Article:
WindowsonWashington

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    That or cut them from the backside.

    Be sure to cut the stucco loose from the door frame as mentioned before.
     
  15. Jun 17, 2013 #15

    nealtw

    nealtw

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    That's what he wants to avoid, the trim will be nailed to the framing and covered with stucco, if he uses a sawsall he will damage the trim he wants to keep.
     
  16. Jun 18, 2013 #16

    WindowsonWashington

    WindowsonWashington

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    That is why I recommended cutting the stucco from the frame first with an angle grinder and masonry blade.

    At that point, the door can vibrate all it wants and it won't disturb the stucco.
     
  17. Jul 3, 2013 #17

    o2284200

    o2284200

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    Thanks!
    How do I cut the stucco from the frame first with an angle grinder and masonry blade as you are recommending and not disturb the stucco?

    And what size & type of angle grinder are you recommending?
     
  18. Jul 7, 2013 #18

    WindowsonWashington

    WindowsonWashington

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    Small angle grinder with a masonry blade.

    Cut a small kirf cut between the old frame and the stucco.

    Plan on making a bunch of dust.
     
  19. Jul 12, 2013 #19

    o2284200

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    Thanks!
    I had another installer come by and he says "the way his company would install it, (move the frame out to the stucco) the problem is that the stucco guy put too much stucco on each side, which basically buried the entire brick molding."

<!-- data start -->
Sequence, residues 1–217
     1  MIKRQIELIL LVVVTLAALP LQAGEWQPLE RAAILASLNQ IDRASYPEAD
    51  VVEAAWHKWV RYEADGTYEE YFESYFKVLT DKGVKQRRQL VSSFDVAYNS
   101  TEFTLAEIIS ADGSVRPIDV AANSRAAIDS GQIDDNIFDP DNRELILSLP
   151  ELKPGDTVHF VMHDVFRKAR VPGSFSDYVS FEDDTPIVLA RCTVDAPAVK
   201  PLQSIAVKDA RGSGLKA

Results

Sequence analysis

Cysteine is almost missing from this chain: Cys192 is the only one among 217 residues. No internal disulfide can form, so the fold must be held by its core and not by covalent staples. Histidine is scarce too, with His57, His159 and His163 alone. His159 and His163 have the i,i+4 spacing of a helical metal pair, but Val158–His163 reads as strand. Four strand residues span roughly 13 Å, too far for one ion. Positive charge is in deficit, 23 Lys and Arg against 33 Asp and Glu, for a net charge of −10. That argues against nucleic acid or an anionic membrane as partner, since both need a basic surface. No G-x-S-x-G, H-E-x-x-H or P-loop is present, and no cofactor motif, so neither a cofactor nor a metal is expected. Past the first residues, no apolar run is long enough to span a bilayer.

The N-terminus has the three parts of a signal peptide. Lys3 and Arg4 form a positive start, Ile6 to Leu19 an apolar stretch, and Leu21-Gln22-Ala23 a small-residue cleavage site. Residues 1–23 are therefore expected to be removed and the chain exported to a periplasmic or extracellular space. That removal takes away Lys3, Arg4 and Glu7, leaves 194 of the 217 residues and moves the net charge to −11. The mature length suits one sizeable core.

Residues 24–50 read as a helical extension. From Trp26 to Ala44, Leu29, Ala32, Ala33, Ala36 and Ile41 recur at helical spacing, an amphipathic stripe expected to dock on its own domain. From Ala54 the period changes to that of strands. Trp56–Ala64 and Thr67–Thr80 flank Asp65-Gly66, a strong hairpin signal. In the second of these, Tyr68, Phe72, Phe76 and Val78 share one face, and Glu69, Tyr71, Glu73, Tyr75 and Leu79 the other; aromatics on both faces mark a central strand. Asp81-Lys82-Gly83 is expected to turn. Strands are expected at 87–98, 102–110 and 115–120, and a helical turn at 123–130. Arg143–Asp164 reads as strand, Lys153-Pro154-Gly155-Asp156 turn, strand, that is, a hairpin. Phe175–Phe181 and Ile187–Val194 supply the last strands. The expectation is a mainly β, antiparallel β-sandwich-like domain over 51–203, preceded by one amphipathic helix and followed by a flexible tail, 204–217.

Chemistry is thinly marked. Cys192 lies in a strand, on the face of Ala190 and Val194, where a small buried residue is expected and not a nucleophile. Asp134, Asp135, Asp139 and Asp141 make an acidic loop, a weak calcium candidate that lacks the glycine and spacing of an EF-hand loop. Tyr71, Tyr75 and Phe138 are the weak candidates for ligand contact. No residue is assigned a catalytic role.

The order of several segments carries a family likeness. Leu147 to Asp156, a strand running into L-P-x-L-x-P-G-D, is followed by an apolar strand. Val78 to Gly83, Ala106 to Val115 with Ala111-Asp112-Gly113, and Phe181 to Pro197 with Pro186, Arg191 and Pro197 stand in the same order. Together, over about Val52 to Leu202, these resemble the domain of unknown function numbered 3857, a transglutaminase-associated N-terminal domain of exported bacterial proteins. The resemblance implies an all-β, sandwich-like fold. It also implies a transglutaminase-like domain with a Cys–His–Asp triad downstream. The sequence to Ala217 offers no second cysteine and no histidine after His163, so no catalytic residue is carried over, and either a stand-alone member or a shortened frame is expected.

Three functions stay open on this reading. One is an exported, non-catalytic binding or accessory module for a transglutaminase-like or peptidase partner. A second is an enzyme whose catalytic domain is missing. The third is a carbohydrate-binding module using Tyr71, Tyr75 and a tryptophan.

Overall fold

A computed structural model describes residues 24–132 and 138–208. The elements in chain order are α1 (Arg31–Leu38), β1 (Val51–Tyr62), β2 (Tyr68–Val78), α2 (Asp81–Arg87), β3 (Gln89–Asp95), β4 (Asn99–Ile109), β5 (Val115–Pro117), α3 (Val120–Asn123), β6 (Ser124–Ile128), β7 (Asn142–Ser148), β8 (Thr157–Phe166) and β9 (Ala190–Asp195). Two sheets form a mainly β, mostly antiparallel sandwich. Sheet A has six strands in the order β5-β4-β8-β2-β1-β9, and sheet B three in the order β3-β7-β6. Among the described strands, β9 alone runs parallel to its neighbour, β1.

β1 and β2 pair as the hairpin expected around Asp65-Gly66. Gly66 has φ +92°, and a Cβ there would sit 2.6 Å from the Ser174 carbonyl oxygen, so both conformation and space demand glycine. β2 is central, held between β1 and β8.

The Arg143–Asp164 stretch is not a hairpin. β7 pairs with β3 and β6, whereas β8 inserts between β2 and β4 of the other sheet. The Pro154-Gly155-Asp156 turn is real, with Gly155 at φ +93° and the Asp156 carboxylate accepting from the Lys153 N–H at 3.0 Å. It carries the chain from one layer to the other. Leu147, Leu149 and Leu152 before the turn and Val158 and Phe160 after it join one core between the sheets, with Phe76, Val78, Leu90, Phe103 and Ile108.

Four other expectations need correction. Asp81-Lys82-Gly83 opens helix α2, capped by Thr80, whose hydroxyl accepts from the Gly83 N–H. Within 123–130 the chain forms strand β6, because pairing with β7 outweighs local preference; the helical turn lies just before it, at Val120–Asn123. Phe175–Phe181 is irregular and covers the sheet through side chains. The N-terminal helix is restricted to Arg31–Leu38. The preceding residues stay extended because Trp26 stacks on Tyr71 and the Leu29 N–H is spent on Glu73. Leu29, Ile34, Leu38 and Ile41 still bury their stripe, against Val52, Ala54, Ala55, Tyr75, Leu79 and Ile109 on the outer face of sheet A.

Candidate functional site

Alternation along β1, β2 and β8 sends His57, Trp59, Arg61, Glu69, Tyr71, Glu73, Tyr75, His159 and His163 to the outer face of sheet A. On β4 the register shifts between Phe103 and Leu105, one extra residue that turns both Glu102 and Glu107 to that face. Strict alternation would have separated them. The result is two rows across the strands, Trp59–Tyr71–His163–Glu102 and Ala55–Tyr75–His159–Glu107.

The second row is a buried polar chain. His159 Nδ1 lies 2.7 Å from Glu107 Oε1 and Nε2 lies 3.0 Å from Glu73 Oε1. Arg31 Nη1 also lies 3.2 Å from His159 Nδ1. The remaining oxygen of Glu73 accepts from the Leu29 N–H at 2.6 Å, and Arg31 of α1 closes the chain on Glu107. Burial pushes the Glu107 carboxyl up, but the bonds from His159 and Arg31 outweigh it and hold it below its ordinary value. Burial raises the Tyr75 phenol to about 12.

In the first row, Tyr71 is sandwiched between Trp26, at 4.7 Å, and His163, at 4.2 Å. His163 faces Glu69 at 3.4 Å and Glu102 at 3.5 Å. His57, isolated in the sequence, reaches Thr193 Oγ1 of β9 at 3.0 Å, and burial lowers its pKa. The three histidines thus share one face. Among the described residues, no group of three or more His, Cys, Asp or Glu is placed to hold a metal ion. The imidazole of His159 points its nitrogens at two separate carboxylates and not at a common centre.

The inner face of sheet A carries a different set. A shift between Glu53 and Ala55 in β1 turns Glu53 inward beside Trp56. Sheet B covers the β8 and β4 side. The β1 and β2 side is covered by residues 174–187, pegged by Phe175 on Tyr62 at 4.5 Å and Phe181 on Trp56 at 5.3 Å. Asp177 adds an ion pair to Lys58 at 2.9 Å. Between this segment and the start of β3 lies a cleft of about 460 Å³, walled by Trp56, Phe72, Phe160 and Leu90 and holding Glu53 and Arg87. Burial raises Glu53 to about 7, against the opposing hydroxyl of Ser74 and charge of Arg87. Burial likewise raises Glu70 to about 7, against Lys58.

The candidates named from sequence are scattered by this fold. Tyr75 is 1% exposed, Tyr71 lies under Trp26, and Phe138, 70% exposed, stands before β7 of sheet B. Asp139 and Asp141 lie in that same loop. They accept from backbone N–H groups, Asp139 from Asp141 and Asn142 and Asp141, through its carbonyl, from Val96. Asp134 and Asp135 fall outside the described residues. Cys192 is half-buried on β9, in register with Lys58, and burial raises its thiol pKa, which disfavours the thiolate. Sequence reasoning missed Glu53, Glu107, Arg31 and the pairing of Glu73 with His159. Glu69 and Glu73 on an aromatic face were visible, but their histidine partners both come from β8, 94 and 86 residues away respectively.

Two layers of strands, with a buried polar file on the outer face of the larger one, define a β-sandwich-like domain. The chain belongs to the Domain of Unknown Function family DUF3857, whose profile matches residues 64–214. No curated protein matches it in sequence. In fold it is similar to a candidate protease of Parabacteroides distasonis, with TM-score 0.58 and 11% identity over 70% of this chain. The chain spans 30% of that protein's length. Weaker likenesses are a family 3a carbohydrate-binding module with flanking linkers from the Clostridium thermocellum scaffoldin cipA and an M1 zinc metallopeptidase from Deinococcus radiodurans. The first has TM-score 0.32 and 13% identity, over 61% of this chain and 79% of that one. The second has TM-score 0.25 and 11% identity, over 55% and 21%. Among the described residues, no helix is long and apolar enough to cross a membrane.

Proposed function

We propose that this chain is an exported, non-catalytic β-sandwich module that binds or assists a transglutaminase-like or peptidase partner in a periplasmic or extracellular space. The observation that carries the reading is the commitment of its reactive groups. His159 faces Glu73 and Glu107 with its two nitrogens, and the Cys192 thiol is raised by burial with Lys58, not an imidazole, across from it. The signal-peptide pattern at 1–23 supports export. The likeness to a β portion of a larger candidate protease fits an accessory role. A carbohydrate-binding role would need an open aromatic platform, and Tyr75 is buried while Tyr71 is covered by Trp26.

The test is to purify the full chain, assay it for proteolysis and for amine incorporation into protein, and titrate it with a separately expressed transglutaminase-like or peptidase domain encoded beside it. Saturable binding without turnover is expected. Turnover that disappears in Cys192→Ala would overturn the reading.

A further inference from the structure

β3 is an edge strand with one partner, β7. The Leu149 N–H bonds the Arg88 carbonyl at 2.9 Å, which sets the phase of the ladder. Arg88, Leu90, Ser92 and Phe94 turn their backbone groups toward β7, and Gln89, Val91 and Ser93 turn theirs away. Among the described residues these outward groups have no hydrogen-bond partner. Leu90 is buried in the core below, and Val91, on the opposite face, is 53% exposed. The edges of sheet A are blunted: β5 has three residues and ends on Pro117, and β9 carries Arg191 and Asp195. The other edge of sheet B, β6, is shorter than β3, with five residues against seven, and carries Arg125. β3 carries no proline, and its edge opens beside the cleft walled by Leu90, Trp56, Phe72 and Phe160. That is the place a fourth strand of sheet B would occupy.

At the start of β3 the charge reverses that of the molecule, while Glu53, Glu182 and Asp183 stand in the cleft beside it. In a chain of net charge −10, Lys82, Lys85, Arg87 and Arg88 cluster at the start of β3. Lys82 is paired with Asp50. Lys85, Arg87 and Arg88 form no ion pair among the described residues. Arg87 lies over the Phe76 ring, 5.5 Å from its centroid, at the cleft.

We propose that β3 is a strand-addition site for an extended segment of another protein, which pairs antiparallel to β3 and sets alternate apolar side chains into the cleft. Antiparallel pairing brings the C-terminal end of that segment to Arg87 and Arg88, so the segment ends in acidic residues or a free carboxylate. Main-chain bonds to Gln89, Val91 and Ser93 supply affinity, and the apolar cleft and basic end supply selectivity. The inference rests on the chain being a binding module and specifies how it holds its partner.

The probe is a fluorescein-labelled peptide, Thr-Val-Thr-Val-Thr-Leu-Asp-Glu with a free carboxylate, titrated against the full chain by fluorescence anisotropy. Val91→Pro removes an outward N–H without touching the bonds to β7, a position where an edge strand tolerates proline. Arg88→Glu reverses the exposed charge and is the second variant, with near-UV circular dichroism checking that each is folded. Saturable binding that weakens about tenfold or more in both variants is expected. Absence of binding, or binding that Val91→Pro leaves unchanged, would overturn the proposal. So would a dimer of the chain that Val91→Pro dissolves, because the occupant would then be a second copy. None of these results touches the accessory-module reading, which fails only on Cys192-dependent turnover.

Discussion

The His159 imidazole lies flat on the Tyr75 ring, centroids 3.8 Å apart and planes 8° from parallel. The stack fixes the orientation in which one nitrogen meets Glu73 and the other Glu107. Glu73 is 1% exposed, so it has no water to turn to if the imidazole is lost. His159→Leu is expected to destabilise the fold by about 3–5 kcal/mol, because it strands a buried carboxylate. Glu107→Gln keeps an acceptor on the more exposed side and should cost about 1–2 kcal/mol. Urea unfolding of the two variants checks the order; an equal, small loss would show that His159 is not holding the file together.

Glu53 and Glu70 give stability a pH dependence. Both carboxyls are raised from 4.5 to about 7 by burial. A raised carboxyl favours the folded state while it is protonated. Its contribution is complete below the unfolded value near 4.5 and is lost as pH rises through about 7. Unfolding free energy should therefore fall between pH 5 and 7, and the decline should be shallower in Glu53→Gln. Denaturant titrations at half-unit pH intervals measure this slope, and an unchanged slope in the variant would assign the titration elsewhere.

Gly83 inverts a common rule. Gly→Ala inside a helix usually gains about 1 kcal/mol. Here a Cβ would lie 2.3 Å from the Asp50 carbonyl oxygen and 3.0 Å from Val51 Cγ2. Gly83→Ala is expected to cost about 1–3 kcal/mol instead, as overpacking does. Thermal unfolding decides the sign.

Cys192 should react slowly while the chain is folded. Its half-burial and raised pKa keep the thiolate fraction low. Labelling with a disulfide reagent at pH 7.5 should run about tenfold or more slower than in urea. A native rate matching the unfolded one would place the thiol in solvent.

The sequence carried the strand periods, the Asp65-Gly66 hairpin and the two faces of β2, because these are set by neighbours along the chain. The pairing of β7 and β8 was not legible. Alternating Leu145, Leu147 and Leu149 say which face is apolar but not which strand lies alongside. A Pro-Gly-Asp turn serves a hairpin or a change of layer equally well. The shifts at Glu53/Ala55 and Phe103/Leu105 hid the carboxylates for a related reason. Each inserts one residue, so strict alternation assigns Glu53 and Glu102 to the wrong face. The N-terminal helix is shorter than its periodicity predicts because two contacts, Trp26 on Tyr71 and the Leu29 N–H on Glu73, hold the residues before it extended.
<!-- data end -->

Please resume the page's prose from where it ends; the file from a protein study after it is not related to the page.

However, if I had told him not to stucco around the door or he had put on less stucco like he did on the top, I'd be in better shape. Now, he says I need to "chip out about an inch of stucco on each side.". Another lesson learned...Hopefully not too costly a one.

    Anyone have any thoughts?

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  20. Jul 13, 2013 #20

    nealtw

    nealtw

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    If you move the frame out to the stucco you will not have anything to screw the Security screws into
    You can leave the brick mold there. Just remove all the nails holding the frame in place, don't do anything with the brick mold and with the door still in place and the frame loose, give the door a few wacks with a heavy hammer from the outside and the frame will pull away from the brick mold. The brick mold is never glued to the frame and the two ussually seperate reasonably easy.